Kenya on May 7, 2021 launched its first ever National Wildlife Census covering both land and Aquatic wildlife.
The two month exercise is fully funded by the Government of Kenya and will be executed by the Ministry of Tourism and Wildlife, Kenya Wildlife Service and the newly created Wildlife Research &Training Institute.
The census will be carried out in Kenya’s Conservation areas and key wildlife rich counties. Cabinet Secretary for Tourism and Wildlife Hon. Najib Balala presided over the census official launch at Shimba Hills National Reserve in Kwale County. Speaking during the Launch Hon. Balala said, “The information generated during the census will support implementation of Government of Kenya conservation and tourism policies and support tools for adaptive management.”
The Cabinet Secretary said the number and distribution of rare and threatened species listed in Schedule Six of the Wildlife Conservation and Management Act, 2013 require regular monitoring using standard methods. Hon Balala noted that Kenya has never undertaken a one-off national survey to establish a baseline of the wildlife status and distribution in the country. “It is therefore important to undertake this National Survey to establish a baseline data on wildlife population status and distribution for future use to understand wildlife population trends and shifts in their distribution,” he said.
Kenya Wildlife Service Director General Brigadier (Rtd) John Waweru assured that the KWS and Wildlife Research & Training Institute teams undertaking the census are professional and up to the task, and promised that the exercise will be undertaken with the highest level of professionalism. Brigadier (Rtd) Waweru further stated that the resources allocated by the National Government through the Ministry of Tourism and Wildlife will be used prudently, following relevant laws and regulations.
The Acting Director of Wildlife Research & Training Institute Dr. Patrick Omondi said the census will follow standard methods to count different species of Terrestrial and Aquatic wildlife.
The Launch was attended by the Principals Secretaries of State Departments of Wildlife and Tourism Prof. Fred Segor and Safina Kweke respectively. The acting chairpersons of KWS Board of Trustees and Wildlife Research & Training Institute Ms. Betty Maitoyo, and Dr. Winnie Kiiru respectively also graced the occasion.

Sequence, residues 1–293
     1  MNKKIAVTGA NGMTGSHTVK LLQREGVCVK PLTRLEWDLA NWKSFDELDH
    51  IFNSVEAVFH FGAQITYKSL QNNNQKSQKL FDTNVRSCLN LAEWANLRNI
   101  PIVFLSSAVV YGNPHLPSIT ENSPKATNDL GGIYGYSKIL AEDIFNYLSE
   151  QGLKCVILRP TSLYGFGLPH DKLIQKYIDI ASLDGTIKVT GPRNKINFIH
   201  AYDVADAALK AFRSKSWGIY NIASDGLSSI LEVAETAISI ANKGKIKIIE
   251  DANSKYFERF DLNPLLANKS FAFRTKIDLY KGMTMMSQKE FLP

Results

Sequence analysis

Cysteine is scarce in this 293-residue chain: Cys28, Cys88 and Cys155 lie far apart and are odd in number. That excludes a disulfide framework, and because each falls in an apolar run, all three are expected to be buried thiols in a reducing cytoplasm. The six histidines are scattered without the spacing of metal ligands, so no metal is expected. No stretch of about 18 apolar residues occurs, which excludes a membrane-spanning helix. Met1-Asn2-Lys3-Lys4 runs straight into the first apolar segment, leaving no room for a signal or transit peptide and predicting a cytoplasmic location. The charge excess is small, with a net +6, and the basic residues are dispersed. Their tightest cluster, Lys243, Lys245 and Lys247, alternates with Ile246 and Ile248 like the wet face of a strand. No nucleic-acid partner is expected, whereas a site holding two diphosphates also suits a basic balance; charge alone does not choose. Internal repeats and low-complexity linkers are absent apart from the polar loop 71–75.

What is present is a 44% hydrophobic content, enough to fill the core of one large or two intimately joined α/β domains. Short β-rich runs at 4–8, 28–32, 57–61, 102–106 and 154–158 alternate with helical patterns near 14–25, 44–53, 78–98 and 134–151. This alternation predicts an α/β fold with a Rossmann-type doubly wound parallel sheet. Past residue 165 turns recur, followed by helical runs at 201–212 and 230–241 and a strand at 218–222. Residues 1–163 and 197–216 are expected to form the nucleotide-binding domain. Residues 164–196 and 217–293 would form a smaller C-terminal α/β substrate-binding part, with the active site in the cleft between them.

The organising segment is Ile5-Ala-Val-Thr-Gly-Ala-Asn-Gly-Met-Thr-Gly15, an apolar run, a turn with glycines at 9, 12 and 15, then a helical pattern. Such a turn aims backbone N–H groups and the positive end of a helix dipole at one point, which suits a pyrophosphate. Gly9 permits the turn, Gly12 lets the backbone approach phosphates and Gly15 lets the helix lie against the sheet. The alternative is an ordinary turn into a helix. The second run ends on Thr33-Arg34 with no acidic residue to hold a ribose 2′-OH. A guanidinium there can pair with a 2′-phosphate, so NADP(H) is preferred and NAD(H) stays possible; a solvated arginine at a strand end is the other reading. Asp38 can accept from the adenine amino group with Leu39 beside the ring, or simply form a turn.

Kenya starts its first national wildlife census
Kenya began its first national wildlife census on Friday, aiming to aid conservation and identify threats to its vast but threatened wildlife populations.
The census will run until July, with rangers, researchers and community members counting animals on land and from helicopters.
It will focus on counting rare species such as the pangolin, which has been identified as a potential intermediary species for COVID-19, and the Sable antelope, of which fewer than 100 remain in Kenya.
Expanding human settlements, a changing climate that makes resources scarcer, and poaching have contributed to declines in wildlife populations. Giraffe populations in Kenya have fallen about 40% over the last three decades, according to the Africa Wildlife Foundation.
The 250 million shilling ($2.3 million) project was launched by the Kenya Wildlife Service (KWS) and the tourism ministry at the Shimba Hills National Reserve, the coastal home of Kenya’s last population of Sable antelopes.
Some of Kenya’s most vulnerable animals, including rhinos and elephants, are counted periodically. But it will be the first time animals are counted systematically in all areas of the country.
“We know there are major gaps. We probably don’t know much about what is going on in northern Kenya,” said Winnie Kiiru, acting chairperson of the Kenya Wildlife Research Training Institute.
Detailed information about wildlife in northern Kenya’s less populated and less visited parks is limited.
The aim is to better understand population sizes and their distribution, to identify threats to animals and suggest conservation strategies.
Tourism accounted for 8.2% of Kenya’s GDP in 2019, according to the World Travel and Tourism Council, much of it from visits to nature parks, but has fallen drastically during the COVID-19 pandemic.
The plunge in international travel has also had some benefits. Last year was the first since 1999 in which no rhinos were poached, the KWS said.